Fig  2 confirms that both venoms were able to hydrolyze sphingomy

Fig. 2 confirms that both venoms were able to hydrolyze sphingomyelin, but PLlv exhibited higher sphingomyelinase activity than BLlv, and this difference was statistically significant. These data confirm previous observations suggesting that lethal and skin

effects of Loxosceles venoms are correlated to their sphingomyelinase activity ( de Oliveira et al., 2005). The higher lethal and sphingomyelinase activity observed in PLlv, may explain the higher frequency of systemic loxoscelism reported in Peru: 25–32% of cases in this country are reported as viscerocutaneous loxoscelism ( Sanabria and Zavaleta, 1997; Instituto ICG-001 datasheet Nacional de Salud, 2006), compared to 13–16% of cases reported with Loxosceles spp in Brazil ( Isbister and

Fan, 2011). The components of PLlv ( Fig. 3A) and BLlv ( Fig. 3B) were separated by two-dimensional gel electrophoresis and the gels were stained with silver nitrate. Differences in the number and intensity of spots were found between the venoms. A large portion of proteins from PLlv and BLlv venoms (52 of 105 and 52 of 134 for, respectively) had molecular mass between 29 and 36 kDa. Fig. 3C shows the alignment between PLlv and BLlv profiles, using the software Progenesis SameSpot. The green spots belong to PLlv, the pink spots to BLlv and the dark signals are overlapping spots. The alignment revealed 40.4% of difference in the protein pattern between both venoms, GSK-3 signaling pathway within the 29–36 kDa region, particularly in the zone with basic isoelectric point (pI), where several PLlv proteins are located (green spots). This region corresponds to proteins with dermonecrotic and/or sphingomyelinase activity previously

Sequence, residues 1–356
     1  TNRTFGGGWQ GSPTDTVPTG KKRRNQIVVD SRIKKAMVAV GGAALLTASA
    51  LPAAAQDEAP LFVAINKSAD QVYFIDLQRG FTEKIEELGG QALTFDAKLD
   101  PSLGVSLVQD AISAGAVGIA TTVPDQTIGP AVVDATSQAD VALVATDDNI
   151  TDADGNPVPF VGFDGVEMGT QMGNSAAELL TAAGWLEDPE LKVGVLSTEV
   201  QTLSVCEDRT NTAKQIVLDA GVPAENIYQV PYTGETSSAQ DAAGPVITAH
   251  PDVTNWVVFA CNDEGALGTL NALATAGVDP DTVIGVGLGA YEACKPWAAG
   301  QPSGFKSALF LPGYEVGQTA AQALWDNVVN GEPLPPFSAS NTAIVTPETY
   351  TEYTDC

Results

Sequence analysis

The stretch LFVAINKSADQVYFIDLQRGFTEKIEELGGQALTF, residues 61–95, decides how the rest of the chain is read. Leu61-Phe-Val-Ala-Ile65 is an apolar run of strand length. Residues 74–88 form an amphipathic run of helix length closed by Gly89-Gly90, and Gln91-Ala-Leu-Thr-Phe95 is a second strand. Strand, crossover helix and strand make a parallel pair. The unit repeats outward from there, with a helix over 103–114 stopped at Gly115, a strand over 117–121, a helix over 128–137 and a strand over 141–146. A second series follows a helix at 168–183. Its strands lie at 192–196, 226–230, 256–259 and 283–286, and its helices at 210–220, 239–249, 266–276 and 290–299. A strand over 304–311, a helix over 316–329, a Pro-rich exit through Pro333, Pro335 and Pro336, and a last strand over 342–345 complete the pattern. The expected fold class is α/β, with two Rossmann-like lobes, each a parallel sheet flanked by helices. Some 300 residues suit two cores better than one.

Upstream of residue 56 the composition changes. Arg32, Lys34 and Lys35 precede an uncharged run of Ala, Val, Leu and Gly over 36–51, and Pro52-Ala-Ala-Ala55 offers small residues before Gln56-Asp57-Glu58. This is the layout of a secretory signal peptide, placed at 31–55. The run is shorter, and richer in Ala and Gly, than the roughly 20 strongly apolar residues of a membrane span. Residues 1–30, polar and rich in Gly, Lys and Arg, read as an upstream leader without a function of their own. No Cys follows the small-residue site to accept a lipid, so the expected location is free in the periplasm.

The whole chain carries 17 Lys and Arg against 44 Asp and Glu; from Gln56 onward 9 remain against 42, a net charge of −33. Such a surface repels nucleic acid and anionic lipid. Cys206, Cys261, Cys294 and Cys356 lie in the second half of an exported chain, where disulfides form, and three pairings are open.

isolated from the venom gland of Loxosceles spiders ( Kalapothakis et al., 2007). In addition, PLlv presents several other proteins, between 20 and 29 kDa, with basic pI. This region probably corresponds to proteins with metalloprotease (astacin-like) activity, described as a protein family in venoms of L. intermedia, L. gaucho and BLlv ( Trevisan-Silva et al., 2010). Machado et al. (2005), reported Cytidine deaminase several isoforms of dermonecrotic toxins in the venoms of L. laeta, L. gaucho and L. intermedia Brazilian spiders, thus, corroborating our results showing intraspecific differences in the protein profile. Dermonecrotic toxins, sphingomyelinases D (SMases D), phospholipase D family or Loxtox protein family ( Tambourgi et al., 1995; Chaim et al., 2006; Kalapothakis et al., 2007), are the main toxic venom components, responsible for local and systemic effects induced by whole venom from Loxosceles spiders. These proteins constitute a family of homologs with 190 non-redundant sequences described in 21 species of the Sicariidae family ( Binford et al., 2009). SMase D (EC number 3.1.4.

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